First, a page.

Joyce Spencer said she’s alright in the meantime, staying with nearby family, but the move was a lot to handle as a senior citizen. “I had to be sure and get his walker and his scooter that he has to go in,” Spencer said. “We’re not hurt in any way except it might cost me if I have to go buy more pants.”

The Park Service closed down a fishing fee site in Montana that it hadn’t visited all year long, according to this Billings Gazette report:

“They closed something down that they never monitored all year long,” said Rick Law at the Bighorn Trout Shop. He said the nearby Park Service contact station, where anglers pay a fee to launch their boats at the federal sites, had been empty all summer and he never saw a Park Service employee picking up trash or even enforcing the parking rules. “I could see it if they had people up here working, monitoring and picking up trash, but they’re not,” Law said.

These stories of petty closures are not being written in a climate of general government trust. They are coming out at the same time that citizens hear about tremendous government waste at other agencies. Check out last week’s headlines about the the Federal Mediation & Conciliation Service, a small government agency riddled with problems: “Bureaucrats at tiny federal agency FMCS buy legions of luxuries with purchase cards,” “Reckless spending goes straight to the top at FMCS,” “FMCS executives forced whistleblower to retract fraud complaint,” “Federal officials cede power to contractors who write themselves sweetheart deals,” and “Wounded vet blew whistle on FMCS, rewarded with pink slip, harassment.”

It’s not as if Americans imagine that these closures of open-air monuments and Amber Alerts and Navy-Air Force games need to happen. If we could shutter (much less clean up waste, fraud and mismanagement at) the Federal Mediation & Conciliation Service or put a bunch of security guards to keep World War II veterans off of a sidewalk, which one would most Americans choose?

A government for the people? Or people for a government?

Last month an ACLU senior policy analyst wrote that it’s useful to conceive of bureaucratic problems “not as a result of politics or personality, but as an institution, which to the first approximation is best thought of as a mindless, amoral, and self-perpetuating primitive life form.”

He didn’t mean it as an insult, so much as a helpful way of understanding why groups of bureaucrats make cruel and idiotic decisions that they wouldn’t think of making as individuals. He listed five theories:

  • The ideology of the bureaucracy. Max Weber observed that a bureaucrat is ultimately “responsible only for the impartial execution of assigned tasks and must sacrifice his personal judgment if it runs counter to his official duties.” Insofar as the vision of a bureaucracy as a machine is embraced by its participants, they will suppress their wide-ranging human intelligences and limit their judgment and discretion accordingly. Indeed as Weber points out, they are expected to do so.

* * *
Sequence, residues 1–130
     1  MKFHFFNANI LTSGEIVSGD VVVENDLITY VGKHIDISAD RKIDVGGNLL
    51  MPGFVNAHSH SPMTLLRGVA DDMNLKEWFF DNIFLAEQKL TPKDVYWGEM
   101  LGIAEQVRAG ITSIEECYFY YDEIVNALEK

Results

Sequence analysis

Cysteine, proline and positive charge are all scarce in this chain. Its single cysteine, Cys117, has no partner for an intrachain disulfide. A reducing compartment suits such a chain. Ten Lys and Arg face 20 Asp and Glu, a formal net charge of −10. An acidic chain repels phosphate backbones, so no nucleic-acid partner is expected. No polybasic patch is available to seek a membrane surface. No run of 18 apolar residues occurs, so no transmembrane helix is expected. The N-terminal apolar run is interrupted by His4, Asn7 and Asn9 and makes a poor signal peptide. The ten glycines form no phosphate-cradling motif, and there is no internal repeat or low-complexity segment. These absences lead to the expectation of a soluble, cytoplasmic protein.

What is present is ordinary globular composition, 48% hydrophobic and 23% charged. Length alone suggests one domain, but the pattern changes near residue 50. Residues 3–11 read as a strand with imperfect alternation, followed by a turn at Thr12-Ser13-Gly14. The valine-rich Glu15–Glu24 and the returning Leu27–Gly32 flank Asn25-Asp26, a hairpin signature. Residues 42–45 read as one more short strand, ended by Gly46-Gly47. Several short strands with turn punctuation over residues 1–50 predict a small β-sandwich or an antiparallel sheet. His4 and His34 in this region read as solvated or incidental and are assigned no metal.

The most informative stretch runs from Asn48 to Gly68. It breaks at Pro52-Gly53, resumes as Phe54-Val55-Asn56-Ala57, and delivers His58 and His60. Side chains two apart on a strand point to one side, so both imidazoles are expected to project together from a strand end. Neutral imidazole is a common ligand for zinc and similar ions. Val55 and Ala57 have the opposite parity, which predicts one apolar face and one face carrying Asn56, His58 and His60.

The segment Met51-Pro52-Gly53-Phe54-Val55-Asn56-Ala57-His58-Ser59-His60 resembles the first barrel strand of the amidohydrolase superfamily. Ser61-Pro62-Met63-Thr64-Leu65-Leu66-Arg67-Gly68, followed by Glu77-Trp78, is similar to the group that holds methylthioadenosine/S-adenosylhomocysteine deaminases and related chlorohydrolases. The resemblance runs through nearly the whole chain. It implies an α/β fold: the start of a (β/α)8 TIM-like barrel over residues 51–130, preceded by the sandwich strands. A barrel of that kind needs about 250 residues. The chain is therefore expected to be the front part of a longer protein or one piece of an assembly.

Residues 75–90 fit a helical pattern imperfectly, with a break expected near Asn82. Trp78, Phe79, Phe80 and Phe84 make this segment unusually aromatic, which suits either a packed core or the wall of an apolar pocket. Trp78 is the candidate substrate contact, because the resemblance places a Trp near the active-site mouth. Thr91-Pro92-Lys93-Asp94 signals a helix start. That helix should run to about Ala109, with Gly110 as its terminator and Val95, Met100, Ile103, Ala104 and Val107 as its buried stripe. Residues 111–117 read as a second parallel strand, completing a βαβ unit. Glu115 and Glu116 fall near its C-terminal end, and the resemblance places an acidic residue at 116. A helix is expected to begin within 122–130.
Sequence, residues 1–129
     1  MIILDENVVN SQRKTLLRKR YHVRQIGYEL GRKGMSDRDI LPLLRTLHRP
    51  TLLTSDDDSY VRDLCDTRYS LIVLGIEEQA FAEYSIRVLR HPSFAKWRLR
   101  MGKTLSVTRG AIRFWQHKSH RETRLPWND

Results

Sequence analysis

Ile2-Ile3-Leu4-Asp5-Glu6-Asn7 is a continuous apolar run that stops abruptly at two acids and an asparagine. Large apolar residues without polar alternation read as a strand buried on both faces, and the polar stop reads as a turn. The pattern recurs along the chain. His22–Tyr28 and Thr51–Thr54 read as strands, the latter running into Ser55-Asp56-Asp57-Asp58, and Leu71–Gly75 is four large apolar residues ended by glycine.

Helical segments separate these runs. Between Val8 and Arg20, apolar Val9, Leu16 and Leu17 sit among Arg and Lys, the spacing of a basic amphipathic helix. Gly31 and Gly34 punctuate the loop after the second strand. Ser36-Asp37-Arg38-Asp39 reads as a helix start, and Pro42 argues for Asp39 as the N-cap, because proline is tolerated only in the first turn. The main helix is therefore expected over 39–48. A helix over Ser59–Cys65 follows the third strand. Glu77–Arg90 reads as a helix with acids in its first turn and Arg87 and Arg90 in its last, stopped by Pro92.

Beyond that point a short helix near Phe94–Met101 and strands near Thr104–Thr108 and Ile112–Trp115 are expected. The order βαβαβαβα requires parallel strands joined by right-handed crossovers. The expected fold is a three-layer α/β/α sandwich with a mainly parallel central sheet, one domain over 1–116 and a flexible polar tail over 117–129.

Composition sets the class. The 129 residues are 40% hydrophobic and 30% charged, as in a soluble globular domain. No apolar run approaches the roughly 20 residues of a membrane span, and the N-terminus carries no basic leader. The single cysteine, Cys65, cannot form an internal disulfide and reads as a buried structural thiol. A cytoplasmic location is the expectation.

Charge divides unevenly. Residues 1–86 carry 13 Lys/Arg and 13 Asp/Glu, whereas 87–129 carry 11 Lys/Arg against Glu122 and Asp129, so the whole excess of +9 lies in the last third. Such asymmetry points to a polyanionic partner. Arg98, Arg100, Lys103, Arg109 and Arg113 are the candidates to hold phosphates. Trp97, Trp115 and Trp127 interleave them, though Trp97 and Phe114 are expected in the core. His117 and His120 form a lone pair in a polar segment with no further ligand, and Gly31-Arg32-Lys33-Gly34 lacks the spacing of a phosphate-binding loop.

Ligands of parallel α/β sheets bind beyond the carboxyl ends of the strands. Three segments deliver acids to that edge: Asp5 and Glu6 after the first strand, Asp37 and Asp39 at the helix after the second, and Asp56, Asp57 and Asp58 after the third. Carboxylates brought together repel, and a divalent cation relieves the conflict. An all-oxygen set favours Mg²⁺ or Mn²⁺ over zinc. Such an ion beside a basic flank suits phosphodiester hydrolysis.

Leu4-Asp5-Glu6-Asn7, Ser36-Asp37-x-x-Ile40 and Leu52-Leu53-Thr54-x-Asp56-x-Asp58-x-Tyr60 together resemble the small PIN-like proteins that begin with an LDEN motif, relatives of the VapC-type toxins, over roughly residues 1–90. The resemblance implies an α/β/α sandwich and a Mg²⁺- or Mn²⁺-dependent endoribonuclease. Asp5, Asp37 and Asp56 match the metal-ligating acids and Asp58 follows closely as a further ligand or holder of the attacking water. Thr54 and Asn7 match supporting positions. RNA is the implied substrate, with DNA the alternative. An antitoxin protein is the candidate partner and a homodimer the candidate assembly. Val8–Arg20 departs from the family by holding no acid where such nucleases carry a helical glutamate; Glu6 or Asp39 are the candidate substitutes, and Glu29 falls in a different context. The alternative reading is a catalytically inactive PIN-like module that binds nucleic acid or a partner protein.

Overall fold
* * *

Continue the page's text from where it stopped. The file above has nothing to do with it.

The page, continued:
• Groupthink. The well-documented human tendencies toward conformism and “groupthink,” which can cause people to give up their critical faculties when faced with a group consensus.
  • Diffusion of responsibility. This is the tendency of people not to tackle a problem when they are surrounded by other people, each of whom assumes somebody else in the crowd will surely address it so they don’t have to.
  • Pournelle’s Iron Law of Bureaucracy. This brilliant “law” has two parts. First, “in any bureaucratic organization there will be two kinds of people: those who work to further the actual goals of the organization, and those who work for the organization itself.” Second, in every organization, it’s the people in the second category who always end up running things, while “those dedicated to the goals the bureaucracy is supposed to accomplish have less and less influence, and sometimes are eliminated entirely.”
  • Abstraction. When we say that most people are “ethical,” what we mean is that they are socialized to behave well to those who surround them—to the concrete human beings they encounter in the flesh. But we humans are generally not good at abstract thought, and it may be that it is the nature of bureaucracies to separate rulers from their victims, so that cruelty and bad policies become remote and abstract, breaking down the ethical training that has been carefully socialized in most modern human beings.

The ACLU policy analyst was thinking specifically of the national security state and its abuses, but you can see how bureaucrats in the Park Service might have fallen victim as well.

Byron York had a question prompted by the particular manner bureaucrats and the Obama Administration were handling the shutdown: “Does the punishing way the Obama administration has run aspects of the shutdown reveal anything about how it will run national health care?”

Similar questions were asked at the time it was revealed that the Internal Revenue Service was specifically targeting people in the Tea Party movement.

Advocates of limited government frequently discuss how inefficient bureaucracies can be. They discuss how government programs frequently fail to achieve their stated aims or make the problems they’re aiming to fix even worse.

But it’s important to remember that even apart from these things, bureaucracies are frequently cruel, punitive, vindictive and petty. Evicting senior citizens is petty. Putting cones up on the highway so that Americans can’t even think of getting a peek at Mount Rushmore is petty. Shutting down privately-run sites is vindictive. Keeping World War II vets from their last chance to see their memorial is reprehensible.

The United States was built on the idea that the government is beholden to its people. Not the other way around. The way the bureaucracy has handled the government slowdown suggests a belief that the bureaucracy is opposed to the people. And if the the bureaucracy is opposed to the people, then it is opposed to freedom itself. Whether it’s NSA, the IRS or the National Park Service, there is a tension between American freedom and the bureaucracy. If nothing else, we can thank the Obama Administration for reminding us of that fact.